• Additional data from students’ written explanations of their reasoning (2002, unmatched sample: pre-instruction, N = 72; post-instruction, N = 66)


Characterization of students background and understanding

Characterization of Students’ Background and Understanding

  • Only about one third of students have had any previous exposure to electricity and/or magnetism concepts.

  • Pre-Instruction: Responses to questions range from clear and acceptable explanations to uncategorizable outright guesses.

  • Post-Instruction: Most explanations fall into fairly well-defined categories.


Characterization of students background and understanding1

Characterization of Students’ Background and Understanding

  • Only about one third of students have had any previous exposure to electricity and/or magnetism concepts.

  • Pre-Instruction: Responses to questions range from clear and acceptable explanations to uncategorizable outright guesses.

  • Post-Instruction: Most explanations fall into fairly well-defined categories.


Characterization of students background and understanding2

Characterization of Students’ Background and Understanding

  • Only about one third of students have had any previous exposure to electricity and/or magnetism concepts.

  • Pre-Instruction: Responses to questions range from clear and acceptable explanations to uncategorizable outright guesses.

  • Post-Instruction: Most explanations fall into fairly well-defined categories.


Frontiers and challenges in physics education research

#26-28

D. Maloney, T. O’Kuma, C. Hieggelke,

and A. Van Heuvelen, PERS of Am. J. Phys. 69, S12 (2001).


Frontiers and challenges in physics education research

#26


Frontiers and challenges in physics education research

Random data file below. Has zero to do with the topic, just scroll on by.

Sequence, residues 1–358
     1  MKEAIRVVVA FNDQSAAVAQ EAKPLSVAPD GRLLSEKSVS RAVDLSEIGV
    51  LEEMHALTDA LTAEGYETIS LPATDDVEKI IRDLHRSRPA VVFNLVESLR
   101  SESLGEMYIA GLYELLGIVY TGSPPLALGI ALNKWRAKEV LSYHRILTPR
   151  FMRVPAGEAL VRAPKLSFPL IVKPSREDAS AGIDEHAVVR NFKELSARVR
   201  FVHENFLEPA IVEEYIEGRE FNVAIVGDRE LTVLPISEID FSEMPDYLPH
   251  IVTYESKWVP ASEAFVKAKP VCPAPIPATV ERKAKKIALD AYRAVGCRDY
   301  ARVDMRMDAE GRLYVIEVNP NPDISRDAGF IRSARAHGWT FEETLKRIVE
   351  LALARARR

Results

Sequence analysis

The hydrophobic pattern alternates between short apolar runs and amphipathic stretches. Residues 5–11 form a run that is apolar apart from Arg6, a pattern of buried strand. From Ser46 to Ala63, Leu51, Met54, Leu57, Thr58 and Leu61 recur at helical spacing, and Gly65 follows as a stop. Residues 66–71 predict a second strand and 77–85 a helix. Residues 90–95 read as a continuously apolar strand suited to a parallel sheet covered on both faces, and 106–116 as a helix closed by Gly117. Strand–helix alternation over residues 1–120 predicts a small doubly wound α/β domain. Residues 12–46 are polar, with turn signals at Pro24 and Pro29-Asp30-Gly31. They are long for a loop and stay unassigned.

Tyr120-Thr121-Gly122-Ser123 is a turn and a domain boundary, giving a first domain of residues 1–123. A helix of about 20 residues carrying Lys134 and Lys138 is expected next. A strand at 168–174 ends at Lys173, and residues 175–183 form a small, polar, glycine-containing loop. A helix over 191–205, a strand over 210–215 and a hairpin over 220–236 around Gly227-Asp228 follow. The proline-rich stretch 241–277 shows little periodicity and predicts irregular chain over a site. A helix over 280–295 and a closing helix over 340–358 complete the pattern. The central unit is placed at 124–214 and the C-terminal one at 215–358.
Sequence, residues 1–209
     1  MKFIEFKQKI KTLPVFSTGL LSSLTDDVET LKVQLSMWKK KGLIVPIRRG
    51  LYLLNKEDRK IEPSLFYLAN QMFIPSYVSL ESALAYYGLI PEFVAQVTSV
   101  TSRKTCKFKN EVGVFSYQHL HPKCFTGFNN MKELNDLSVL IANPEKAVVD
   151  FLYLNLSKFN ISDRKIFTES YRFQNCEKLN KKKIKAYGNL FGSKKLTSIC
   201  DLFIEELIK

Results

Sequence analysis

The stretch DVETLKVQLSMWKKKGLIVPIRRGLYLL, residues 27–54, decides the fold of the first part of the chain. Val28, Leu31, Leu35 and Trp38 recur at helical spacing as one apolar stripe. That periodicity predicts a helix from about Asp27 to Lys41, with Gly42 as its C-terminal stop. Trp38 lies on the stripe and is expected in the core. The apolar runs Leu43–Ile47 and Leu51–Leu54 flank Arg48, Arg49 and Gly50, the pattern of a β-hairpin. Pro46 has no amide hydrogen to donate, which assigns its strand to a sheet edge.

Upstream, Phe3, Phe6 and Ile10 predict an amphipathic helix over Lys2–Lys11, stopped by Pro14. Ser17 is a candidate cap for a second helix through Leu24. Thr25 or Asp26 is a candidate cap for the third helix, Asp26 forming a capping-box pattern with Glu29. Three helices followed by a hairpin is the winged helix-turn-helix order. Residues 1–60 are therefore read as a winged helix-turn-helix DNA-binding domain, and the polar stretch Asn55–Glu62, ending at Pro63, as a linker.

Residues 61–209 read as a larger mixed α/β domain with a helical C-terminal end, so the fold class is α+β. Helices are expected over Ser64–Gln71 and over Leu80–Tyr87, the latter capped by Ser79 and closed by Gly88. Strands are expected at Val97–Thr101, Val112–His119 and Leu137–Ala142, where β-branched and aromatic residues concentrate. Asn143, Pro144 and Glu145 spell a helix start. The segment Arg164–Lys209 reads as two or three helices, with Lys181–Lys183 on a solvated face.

#26

W = qV; equal in I, II, and III

[correct]


Frontiers and challenges in physics education research

Pre-Instruction Responses to Question #26


Frontiers and challenges in physics education research

E

E

C

C

B

B

1998-2001

N = 299


Frontiers and challenges in physics education research

#26


Explanations for 26 pre instruction 60 90 categorizable

Explanations for #26 (Pre-Instruction: 60-90% categorizable)

  • Response “B”

    • “Because the fields increase in strength as the object is required to move through it”

    • “Because the equipotential lines are closest together”

  • Response “C”

    • “Because they are far apart and work = force  distance”

  • Response “E” [correct]

    • “The electric potential difference is the same in all three cases”


Frontiers and challenges in physics education research

#26


Explanations for 26 pre instruction 60 90 categorizable1

Explanations for #26 (Pre-Instruction: 60-90% categorizable)

  • Response “B”

    • “Because the fields increase in strength as the object is required to move through it”

    • “Because the equipotential lines are closest together”

  • Response “C”

    • “Because they are far apart and work = force  distance”

  • Response “E” [correct]

    • “The electric potential difference is the same in all three cases”


Explanations for 26 pre instruction 60 90 categorizable2

Explanations for #26 (Pre-Instruction: 60-90% categorizable)

  • Response “B”

    • “Because the fields increase in strength as the object is required to move through it”

    • “Because the equipotential lines are closest together”

  • Response “C”